• savorysaltysweet July 7, 2012 at 9:26 am #

        I am so glad the pie was a hit! Thanks for letting me know about its success.

  3. Rufus' Food and Spirits Guide July 3, 2012 at 5:23 am #

    Beautiful!

  4. tanyamhudson July 4, 2012 at 12:11 pm #

    Your pie sounds delicious! I love the idea of a gingersnap crust in place of graham crackers. And I, too, am known for experimenting on large groups of people (like both of the wedding showers I’ve cooked for this year). No disasters yet. *fingers crossed* :)

    • savorysaltysweet July 4, 2012 at 12:20 pm #

      Tanya–People seem to think I am nuts for trying out new recipes during big events and such, but I am glad to know that I am not the only person who does it!

      • tanyamhudson July 4, 2012 at 12:22 pm #

        My mom thought I was crazy when I told her I had tried five new recipes for my best friend’s bridal shower back in April. Of course, I also performed amateur alterations on my own wedding dress a week before the big day…so maybe I am a little crazy.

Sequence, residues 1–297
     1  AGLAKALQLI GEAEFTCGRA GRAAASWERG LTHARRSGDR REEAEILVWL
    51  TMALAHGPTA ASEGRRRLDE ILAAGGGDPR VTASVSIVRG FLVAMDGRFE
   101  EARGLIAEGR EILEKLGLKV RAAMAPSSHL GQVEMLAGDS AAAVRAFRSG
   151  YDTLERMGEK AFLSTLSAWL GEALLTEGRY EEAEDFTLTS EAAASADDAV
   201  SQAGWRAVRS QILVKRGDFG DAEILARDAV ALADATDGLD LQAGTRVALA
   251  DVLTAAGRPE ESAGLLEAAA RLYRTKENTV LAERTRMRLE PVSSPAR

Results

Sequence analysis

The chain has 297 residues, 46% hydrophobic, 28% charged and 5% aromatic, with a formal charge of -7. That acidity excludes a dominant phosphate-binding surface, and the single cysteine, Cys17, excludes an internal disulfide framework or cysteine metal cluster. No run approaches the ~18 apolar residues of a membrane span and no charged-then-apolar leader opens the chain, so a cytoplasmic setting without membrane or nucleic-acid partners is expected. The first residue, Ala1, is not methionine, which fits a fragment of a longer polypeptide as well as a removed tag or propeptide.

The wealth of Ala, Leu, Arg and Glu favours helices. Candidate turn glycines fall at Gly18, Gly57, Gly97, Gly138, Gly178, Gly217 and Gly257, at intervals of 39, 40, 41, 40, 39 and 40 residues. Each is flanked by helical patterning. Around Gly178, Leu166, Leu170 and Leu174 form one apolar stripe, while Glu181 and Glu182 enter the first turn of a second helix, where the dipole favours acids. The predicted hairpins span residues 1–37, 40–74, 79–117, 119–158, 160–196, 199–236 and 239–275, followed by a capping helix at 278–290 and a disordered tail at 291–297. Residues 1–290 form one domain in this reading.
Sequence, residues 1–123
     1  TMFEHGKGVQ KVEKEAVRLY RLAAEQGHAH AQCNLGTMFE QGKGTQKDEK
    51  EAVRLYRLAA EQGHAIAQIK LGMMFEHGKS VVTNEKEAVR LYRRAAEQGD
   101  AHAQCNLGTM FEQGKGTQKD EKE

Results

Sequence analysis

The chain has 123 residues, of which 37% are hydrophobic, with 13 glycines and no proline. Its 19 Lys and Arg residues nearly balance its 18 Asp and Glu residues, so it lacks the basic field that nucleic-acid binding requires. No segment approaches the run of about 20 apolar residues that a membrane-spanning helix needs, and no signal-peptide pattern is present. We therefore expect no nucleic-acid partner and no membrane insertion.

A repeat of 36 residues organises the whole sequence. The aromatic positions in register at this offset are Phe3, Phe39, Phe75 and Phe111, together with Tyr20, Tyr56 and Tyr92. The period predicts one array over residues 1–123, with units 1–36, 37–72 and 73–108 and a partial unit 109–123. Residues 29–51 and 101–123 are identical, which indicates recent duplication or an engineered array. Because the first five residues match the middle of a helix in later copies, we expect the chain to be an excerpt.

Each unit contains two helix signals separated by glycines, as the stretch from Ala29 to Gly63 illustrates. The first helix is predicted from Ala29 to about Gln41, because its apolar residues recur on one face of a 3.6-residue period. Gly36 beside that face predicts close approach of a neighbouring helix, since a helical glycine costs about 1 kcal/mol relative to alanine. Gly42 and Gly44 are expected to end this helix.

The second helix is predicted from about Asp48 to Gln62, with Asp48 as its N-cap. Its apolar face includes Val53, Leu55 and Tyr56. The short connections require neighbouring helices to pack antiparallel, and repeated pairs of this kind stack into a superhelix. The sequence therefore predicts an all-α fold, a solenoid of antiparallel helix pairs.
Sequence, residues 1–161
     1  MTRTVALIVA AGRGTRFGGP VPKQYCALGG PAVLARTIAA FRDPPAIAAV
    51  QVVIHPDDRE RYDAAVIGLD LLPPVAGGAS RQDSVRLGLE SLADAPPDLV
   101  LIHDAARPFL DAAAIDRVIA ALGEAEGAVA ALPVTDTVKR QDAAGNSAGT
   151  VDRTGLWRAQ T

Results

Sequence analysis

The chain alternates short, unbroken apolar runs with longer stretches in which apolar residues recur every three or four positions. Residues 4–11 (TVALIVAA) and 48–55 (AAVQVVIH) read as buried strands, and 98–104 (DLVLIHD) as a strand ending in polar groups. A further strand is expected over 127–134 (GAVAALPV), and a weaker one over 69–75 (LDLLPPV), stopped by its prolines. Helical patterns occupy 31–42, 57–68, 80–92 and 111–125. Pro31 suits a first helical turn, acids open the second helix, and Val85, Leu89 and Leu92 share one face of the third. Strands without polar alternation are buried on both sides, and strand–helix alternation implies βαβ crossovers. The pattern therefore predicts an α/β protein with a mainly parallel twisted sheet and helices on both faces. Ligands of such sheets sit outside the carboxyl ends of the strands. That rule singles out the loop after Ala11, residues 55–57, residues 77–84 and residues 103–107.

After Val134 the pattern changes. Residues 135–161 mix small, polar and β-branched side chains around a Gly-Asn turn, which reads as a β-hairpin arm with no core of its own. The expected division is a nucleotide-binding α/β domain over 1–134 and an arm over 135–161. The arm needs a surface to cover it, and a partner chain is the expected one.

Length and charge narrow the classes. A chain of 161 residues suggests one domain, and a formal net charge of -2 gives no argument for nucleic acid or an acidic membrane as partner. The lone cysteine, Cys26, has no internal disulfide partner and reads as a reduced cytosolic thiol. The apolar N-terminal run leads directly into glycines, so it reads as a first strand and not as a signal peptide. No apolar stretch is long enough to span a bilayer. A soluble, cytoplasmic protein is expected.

5. Katie Whitehead July 5, 2012 at 3:21 pm #

    Out of curiosity, and for the sake of a friend of mine who LOVES pie but it lactose intolerant, could I make this with almond or rice milk? It looks amazing.

    • savorysaltysweet July 5, 2012 at 3:33 pm #

      You could use rice milk, yes, but I would not use almond milk. Almond milk has a much stronger flavor that would interfere with the rest of the dessert, I fear. The custard will not be nearly as thick if you use rice milk, but it should thicken up somewhat and still be delicious. I’d also heat the custard at a much lower temperature so as to avoid scalding the rice milk. Let me know how it goes!

  6. Ingrid July 15, 2012 at 10:17 pm #

    Has anyone tried this w/ a different fruit? Like peaches?

    • savorysaltysweet July 16, 2012 at 8:09 am #

      Ingrid–I have not tried this with peaches, but I have tried it with strawberries and it was delicious. Peaches sound like they would also be fantastic. If you give it a try, let me know how it turns out.

Trackbacks/Pingbacks